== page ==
Why is change management important now?

Changes can be difficult for employees, so it's important to have a plan to help them through the transition.

Change management

has many benefits. Some of these benefits include improved communication, increased productivity, reduced stress, and improved decision-making. The proactivity of organizations in dealing with change will determine whether or not a company is able to adopt a new process or system.

Therefore, for companies, change management helps to accelerate transformations and, as a result, to make this capacity a hallmark for the future. It also reduces incidents that could affect the economic efficiency of a project, enhances internal relationships and communications, and reinforces the sense of belonging of human capital. Many companies spend so much time planning for change themselves that they neglect the people who will be affected by it. In this context, adapting to and managing change has become a fundamental skill for facing the present and the future.

This will provide you with ways to improve the implementation of changes in the future and to involve your individual employees in the process. By focusing on the impact of change, you can anticipate problems and eliminate or reduce them before they arise. At the same time, it is essential to properly manage feelings of resistance to change to avoid negative consequences, both for employee frustration, emotional instability and stress, as well as for the decline in organizational productivity, non-compliance with objectives or the bad environment, and to consolidate rapid, effective and lasting change. Organizational success comes from being able to change with market or technology changes, or sometimes even from being able to change for the sake of change (if the status quo no longer works).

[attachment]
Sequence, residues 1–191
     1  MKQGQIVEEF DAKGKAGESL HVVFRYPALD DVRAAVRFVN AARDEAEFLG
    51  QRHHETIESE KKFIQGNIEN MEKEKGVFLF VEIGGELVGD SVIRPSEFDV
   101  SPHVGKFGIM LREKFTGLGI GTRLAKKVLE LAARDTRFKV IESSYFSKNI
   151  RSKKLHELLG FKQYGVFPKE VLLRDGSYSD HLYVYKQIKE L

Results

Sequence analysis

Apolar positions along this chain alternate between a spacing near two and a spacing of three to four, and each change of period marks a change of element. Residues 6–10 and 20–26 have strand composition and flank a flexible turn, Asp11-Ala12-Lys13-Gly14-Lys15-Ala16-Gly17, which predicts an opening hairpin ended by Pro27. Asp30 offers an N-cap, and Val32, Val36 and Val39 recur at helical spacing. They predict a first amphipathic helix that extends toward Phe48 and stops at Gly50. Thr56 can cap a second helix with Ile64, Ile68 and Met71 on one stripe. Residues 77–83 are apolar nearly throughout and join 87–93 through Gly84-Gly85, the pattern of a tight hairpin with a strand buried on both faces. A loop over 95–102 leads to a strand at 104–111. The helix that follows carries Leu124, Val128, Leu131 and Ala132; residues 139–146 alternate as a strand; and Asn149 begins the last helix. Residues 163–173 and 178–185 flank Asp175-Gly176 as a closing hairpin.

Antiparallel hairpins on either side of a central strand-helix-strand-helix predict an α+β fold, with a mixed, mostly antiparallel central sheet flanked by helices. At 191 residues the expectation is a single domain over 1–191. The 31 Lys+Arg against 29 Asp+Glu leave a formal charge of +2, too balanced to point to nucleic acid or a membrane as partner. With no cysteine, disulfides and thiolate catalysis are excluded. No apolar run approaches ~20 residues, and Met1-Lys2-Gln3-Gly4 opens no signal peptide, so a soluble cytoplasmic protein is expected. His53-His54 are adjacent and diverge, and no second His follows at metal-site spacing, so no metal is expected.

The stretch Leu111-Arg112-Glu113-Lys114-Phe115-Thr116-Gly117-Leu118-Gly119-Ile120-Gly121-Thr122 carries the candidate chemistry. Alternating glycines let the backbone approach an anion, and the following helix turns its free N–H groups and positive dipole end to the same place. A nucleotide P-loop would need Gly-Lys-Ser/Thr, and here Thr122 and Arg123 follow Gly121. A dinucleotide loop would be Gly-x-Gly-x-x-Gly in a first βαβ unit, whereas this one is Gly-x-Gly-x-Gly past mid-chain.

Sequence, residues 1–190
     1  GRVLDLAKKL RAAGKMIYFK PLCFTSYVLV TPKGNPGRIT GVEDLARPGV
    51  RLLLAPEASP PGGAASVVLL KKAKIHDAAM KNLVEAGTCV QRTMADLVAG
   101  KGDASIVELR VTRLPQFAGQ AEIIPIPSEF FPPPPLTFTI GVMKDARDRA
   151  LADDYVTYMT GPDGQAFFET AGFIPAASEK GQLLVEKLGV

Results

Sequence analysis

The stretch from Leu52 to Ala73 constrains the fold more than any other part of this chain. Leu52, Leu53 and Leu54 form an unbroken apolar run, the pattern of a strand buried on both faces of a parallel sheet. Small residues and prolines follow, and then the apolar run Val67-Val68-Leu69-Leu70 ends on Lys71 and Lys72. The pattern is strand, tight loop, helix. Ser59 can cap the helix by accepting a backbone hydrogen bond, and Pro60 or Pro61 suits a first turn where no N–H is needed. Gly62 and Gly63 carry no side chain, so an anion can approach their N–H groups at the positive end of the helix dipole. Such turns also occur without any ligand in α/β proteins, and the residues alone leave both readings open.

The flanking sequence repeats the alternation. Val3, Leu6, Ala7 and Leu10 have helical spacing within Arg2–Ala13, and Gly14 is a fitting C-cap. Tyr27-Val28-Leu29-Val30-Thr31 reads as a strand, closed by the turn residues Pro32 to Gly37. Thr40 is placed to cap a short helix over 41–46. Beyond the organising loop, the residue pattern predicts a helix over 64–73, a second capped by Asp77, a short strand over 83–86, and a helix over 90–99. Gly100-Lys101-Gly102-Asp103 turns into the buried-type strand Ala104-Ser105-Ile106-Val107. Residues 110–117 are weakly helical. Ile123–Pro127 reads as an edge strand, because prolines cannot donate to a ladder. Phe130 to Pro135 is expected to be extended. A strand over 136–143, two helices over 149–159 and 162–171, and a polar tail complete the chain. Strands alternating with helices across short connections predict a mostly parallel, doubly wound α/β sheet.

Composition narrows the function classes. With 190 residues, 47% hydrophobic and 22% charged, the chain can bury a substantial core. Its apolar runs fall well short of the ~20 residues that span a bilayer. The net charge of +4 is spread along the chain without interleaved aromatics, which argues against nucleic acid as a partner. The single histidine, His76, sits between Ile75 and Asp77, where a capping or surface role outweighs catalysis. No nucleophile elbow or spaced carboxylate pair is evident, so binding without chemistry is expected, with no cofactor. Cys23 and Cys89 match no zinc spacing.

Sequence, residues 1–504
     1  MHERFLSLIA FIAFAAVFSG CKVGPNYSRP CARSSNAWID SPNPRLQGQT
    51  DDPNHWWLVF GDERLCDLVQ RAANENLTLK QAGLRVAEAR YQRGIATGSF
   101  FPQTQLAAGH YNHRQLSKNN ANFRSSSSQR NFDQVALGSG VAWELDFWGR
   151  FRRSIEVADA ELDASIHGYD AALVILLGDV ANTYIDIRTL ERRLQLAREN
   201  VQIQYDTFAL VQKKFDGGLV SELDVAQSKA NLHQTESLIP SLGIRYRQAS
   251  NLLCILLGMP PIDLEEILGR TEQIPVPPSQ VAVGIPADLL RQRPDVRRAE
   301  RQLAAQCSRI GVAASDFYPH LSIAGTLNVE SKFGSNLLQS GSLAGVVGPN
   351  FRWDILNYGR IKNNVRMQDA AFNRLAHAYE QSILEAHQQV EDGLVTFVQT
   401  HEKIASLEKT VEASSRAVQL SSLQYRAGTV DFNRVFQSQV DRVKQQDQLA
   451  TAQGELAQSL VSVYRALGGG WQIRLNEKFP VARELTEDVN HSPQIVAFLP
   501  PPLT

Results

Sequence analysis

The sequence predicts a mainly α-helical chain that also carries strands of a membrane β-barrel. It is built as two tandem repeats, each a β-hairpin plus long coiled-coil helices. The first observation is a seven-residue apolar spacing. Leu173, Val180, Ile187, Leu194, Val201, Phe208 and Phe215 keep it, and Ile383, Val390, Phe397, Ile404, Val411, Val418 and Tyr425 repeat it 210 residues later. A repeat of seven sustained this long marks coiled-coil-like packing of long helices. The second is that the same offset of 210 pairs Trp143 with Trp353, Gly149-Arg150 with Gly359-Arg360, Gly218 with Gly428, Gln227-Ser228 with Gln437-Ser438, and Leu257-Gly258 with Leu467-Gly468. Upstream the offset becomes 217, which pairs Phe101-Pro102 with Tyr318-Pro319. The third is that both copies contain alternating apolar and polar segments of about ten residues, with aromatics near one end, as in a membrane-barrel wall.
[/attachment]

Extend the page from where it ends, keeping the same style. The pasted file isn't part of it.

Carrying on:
Regardless of the type of change you want to make, change management gives you greater control over the entire process, a process that typically involves a costly investment and implementation plan. This means that, instead of addressing problems as they arise, we try to change things on the fly. The change management process is the way to move from point A (the current state) to point B (the desired change). The value it has for you as a change management professional may be clear, but you'll need the support and acceptance needed to manage business change.

In addition, it is a clear indicator of professional leadership because organizations need leaders who are also agents of change. For example, people-centered changes often benefit from emotion-based change management models, such as the Kübler-Ross change curve or the Bridges transition model. The goal is to bring together people who share the same vision to involve them in the process of change. The ADKAR model is based on five key results, whose objective is to limit resistance to organizational change.

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